Highlights of the exhibition include a work by Ajlan Gharem titled Mount of Mercy, a large installation of Polaroid photographs of pilgrims visiting Mount Arafat during the annual hajj, and of the objects and handwritten prayers they intentionally leave behind. Mount Arafat is a hill east of Mecca where the Prophet Muhammad is said to have given his last sermon, and the ephemera left there are regularly collected and discarded by local authorities. Gharem’s images and objects he collected before they were discarded speak about practices of ritual and faith, and poignantly capture the emotional intensity of spirituality in a well-balanced examination of the subject.

Nesreen Bakheet’s work Sukoon is a sculpture installation of 30 ceramic rings of varying sizes placed equidistantly from one another in a straight line. The installation physically alludes to an act of travel or crossing, and the work’s title–which means internal stillness and calm–references the theme of spirituality in the artist’s practice. An instructor at the College of Art and Design at King AbdulAziz University, Bakheet melds great technical execution with personal expression in her work.

Like Bakheet, many of the exhibition’s participants are female, and their artistic training varies from local to international art schools.

The most interesting of the exhibition’s works are those that deal with local culture, such as the painting Khatwa, by Enas Al Neami, which visually captures the steps of a traditional dance from the south of Saudi Arabia. Footprints on the canvas allow viewers to trace the steps and visualize the dance itself. The work allows the artist, who hails from the southern city of Abha, to explore her cultural identity and remind visitors that the kingdom’s various regions contain a multitude of histories and traditions. It was this message that was most powerfully portrayed throughout the events of 21,39.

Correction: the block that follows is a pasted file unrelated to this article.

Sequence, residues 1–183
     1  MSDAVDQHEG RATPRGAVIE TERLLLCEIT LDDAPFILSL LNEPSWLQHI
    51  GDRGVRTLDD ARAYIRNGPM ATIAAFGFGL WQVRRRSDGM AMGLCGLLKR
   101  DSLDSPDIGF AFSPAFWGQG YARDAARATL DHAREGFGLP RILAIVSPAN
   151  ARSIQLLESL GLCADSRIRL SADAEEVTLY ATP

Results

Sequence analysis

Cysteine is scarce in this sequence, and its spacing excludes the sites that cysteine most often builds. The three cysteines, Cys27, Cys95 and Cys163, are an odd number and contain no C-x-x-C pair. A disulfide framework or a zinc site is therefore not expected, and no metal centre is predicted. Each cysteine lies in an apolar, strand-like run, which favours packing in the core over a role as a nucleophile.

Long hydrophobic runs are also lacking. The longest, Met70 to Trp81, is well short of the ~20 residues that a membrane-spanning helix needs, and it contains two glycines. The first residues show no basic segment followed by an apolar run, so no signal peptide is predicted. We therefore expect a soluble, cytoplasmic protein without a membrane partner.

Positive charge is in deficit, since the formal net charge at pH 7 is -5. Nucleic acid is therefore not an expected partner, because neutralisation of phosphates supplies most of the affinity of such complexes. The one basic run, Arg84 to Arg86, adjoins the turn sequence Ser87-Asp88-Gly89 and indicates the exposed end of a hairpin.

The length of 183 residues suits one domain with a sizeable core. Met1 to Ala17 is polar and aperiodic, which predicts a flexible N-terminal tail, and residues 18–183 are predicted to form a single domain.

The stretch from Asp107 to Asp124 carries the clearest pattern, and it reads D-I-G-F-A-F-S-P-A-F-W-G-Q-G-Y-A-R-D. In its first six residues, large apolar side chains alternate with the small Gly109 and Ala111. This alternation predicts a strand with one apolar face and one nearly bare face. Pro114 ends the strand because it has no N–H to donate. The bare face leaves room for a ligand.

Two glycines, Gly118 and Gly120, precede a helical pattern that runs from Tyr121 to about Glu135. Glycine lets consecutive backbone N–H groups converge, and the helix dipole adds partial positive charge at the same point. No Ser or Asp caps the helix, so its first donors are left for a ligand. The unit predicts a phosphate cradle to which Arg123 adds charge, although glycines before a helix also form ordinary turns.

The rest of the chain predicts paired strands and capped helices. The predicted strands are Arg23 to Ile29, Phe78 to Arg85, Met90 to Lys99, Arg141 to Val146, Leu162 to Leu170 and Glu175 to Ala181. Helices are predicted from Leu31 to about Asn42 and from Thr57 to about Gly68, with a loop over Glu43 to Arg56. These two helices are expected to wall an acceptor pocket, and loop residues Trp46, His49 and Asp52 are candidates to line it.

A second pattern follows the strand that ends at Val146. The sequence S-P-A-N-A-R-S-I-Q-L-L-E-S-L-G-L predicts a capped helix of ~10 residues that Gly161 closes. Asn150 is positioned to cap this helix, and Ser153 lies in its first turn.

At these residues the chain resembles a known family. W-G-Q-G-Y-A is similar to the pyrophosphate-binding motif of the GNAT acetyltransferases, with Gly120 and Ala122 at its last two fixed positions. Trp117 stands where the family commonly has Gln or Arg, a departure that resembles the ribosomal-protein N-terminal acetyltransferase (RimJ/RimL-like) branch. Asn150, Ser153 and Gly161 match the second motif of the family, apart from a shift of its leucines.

Hafez Gallery organized several exhibitions. One, titled Makan and mounted at the gallery’s new mixed-use gallery and artistic residency space, highlighted painting and sculptural work by a roster of artists focusing on concepts related to the spaces of objects and life in Saudi Arabia, including marketplaces and gardens.

Another was a solo exhibition of works by Sarah Al Abdali, titled The Simorgh Always Rises. The show includes works on paper and paintings of females, some of which were done in the style of Islamic manuscripts, painted in scenes of vernacular traditional home spaces inhabited by Saudi women. Al Abdali’s exhibition was presented in Bait Al Sharbatli, a restored historic home in downtown Jeddah whose traditional architectural features mirrored the scenes of Al Abdali’s works.

Hafez Gallery’s nuanced understanding of the importance of site in relation to an artwork were best exemplified in these two tightly-curated exhibitions as artists responded directly to the context.

Athr Gallery, now in its tenth year of representing Saudi Arabian and Middle Eastern artists, presented a group exhibition of artists the gallery has featured over the years. Works by internationally-recognized artists Ahmed Mater and Dana Awartani were displayed alongside works by emerging artists as a showcase of the substantial work done by the gallery in supporting the growing art scene and helping create connections and dialogues between the region’s artists and helping secure residencies for artists abroad to help further develop their work and practice.

The gallery’s communal spirit was best displayed during its rooftop opening night event, which saw artists and visitors mingling after seeing the show–a testament to the gallery and 21, 39’s success in helping bring visitors and various members of the community together over art.

Al Obour runs until March 30 in Jeddah’s Gold Moor Mall.